Chaminade students participate in sustainability entrepreneurship
Madison Makishima ’25 was able to make adaptive surfboards out of recyclable materials and ocean plastics so people —like her—with disabilities could have access to the ocean. As part of Chaminade University’s ‘Inana Sustainability Entrepreneurship Program, Makishima and eight other fellow students, including Aleeyah Lemons ’24 and Carly Wieczorek ’24, were able to participate in a 10-week summer program that paired them with businesses that align with the United Nation’s Sustainable Development Goals (SDGs).
“I learned a lot, especially how to effectively network,” said Makishima, whose project was titled Surf Sesh. “The mission of the project—which aligns with the UN’s SDGs—was to help people with disabilities gain access to surfing while recycling and reusing ocean plastic, and educating everyone about living sustainable lives.”
After winning a two-year $600,000 Minority Colleges and Universities Grant Competition from the U.S. Department of Commerce’s Minority Business Development Agency (MBDA), a hui of Chaminade professors developed the ‘Inana Sustainability Entrepreneurship Program, which aims to spark minority entrepreneurial innovation among Hawaii-Pacific undergraduates.
According to ‘Inana Sustainability Entrepreneurship Program’s coordinator, Mariane Uehara, the three goals of the program are: 1) To develop and implement programs for the education and training of undergraduate students in subjects directly relating to successful entrepreneurship; 2) To support minority business enterprises (MBEs), including building a diverse entrepreneurial pipeline to grow the number of MBEs; and 3) to create a UN Certificate program in sustainability entrepreneurship.
With the help of Rhea Jose, outreach coordinator for CIFAL Honolulu at Chaminade, Aleeyah Lemons ’24 pursued a project titled “Gender Equity through Malama Mai” or, cleverly, GEMM, and provided menstrual products in the women’s restrooms at Chaminade University.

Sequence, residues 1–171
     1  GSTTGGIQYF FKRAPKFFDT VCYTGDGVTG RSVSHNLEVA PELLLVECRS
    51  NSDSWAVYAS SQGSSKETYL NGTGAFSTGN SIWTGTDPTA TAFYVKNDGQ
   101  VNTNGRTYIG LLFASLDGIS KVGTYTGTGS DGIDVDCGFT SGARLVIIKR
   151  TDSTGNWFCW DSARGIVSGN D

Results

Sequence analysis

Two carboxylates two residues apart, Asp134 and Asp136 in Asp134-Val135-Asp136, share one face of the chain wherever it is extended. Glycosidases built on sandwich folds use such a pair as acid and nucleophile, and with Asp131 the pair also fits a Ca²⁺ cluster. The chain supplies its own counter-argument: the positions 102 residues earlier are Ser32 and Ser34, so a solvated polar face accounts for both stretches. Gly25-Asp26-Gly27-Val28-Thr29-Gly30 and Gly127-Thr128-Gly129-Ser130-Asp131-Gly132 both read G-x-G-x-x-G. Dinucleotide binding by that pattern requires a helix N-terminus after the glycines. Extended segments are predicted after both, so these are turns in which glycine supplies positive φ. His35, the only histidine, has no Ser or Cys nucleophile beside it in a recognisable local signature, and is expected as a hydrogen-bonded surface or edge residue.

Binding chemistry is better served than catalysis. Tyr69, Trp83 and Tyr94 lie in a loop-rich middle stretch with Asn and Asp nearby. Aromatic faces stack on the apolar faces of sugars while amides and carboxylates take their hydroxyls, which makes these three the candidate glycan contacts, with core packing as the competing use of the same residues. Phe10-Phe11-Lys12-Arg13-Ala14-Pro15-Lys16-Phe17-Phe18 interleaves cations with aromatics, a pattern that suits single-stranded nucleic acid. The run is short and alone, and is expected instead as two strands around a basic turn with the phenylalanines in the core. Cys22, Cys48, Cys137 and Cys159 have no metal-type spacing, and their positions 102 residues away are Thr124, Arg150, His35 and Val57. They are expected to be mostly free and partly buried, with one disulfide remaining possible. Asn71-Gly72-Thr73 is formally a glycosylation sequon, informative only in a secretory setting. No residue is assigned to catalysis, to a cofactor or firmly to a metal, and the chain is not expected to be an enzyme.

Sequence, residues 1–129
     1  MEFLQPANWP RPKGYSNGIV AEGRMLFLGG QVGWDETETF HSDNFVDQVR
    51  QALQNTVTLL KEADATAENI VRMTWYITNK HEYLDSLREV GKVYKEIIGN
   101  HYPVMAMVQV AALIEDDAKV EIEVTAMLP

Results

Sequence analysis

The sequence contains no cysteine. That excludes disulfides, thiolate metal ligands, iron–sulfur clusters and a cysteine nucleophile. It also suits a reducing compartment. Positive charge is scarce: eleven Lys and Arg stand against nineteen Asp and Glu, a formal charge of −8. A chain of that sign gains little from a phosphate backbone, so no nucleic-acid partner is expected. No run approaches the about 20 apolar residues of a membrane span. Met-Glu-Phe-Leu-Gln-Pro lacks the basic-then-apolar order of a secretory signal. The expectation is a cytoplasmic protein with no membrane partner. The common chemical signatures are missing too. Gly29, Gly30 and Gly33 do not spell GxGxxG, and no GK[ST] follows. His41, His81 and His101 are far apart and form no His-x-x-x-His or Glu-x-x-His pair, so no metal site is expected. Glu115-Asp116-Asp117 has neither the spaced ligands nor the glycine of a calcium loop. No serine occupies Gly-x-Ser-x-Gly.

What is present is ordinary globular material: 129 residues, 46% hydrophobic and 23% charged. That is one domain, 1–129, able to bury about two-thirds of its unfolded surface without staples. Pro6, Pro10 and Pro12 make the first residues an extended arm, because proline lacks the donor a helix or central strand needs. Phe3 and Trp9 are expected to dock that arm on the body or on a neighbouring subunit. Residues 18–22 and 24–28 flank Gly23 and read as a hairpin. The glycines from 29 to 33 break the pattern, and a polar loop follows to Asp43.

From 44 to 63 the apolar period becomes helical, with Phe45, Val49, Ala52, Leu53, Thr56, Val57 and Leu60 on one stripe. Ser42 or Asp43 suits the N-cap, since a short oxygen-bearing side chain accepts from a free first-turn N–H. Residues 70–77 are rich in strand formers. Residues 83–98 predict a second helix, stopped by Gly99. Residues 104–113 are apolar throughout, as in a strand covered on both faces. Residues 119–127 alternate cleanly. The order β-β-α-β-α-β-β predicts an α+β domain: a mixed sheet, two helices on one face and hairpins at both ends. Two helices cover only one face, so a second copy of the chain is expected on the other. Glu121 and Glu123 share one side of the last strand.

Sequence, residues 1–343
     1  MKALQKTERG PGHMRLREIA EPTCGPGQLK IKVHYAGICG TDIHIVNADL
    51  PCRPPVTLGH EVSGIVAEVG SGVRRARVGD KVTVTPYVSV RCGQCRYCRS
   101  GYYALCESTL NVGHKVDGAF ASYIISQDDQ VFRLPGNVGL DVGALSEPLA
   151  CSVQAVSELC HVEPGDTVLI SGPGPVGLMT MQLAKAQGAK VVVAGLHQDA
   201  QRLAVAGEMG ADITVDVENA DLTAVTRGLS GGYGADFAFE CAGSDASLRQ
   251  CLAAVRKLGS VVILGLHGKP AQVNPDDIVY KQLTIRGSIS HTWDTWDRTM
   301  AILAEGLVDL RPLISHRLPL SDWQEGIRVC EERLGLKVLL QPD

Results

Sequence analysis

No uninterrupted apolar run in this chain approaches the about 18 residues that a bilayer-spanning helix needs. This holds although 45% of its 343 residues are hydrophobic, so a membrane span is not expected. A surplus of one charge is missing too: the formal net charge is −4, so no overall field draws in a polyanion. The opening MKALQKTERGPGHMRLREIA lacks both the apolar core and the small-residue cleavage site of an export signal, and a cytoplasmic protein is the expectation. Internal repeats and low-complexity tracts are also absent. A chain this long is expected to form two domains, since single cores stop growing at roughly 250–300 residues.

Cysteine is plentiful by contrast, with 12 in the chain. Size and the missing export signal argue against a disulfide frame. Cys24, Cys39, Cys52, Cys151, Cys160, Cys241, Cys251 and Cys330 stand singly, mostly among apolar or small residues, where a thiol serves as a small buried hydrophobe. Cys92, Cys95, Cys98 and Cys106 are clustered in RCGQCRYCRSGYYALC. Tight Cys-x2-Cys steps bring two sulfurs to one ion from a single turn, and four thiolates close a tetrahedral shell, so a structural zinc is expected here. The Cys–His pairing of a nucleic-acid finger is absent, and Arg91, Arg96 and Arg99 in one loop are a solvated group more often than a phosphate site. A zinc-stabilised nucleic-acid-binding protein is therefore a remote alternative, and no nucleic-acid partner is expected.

“GEMM is a program developed to provide resources, care and education on menstrual health to those at Chaminade University, its surrounding community and across the Pacific,” wrote Lemons in her final report. “We aim to end period poverty on campus, and allow our students who menstruate to feel comfortable and supported by GEMM and their peers.”
Meanwhile, Carly Wieczorek ’24 designed a sustainable rooftop hydroponics system. “One major aspect of my activities was actively participating in exchanging ideas with local experts on hydroponics farming, visiting hydroponics farms on Oahu, and entrepreneurial skill workshops with industry professionals,” Wieczorek noted. “I’ve also been investigating innovative business approaches to urban agriculture, such as rooftop hydroponics, and examining how these practices align with the UN’s SDGs.”
The focus of the ‘Inana program is to nurture sustainability entrepreneurs in Hawaii, who will develop businesses that diversify and grow our economy while attending to the health of the planet. This, of course, is consistent with Chaminade’s United Nations CIFAL Center, which is focused on supporting progress toward the UN’s 17 SDGs in Hawai‘i and the Pacific region.
Three of the 17 SDGs in particular are addressed within the program: Promote sustained, inclusive and sustainable economic growth, full and productive employment and decent work for all; build resilient infrastructure, promote inclusive and sustainable industrialization and foster innovation; and improve education, awareness-raising and human and institutional capacity on climate change mitigation, adaptation, impact reduction and early warning.
“Our first cohort consisted of nine students,” said Uehara, a Certified Health and Wellness Coach and former co-founder and director of Lanikai Juice Co. “This second cohort will focus on App creation with eight students. It’s great to see students—who all come from different disciplines—collobarate and solve problems.”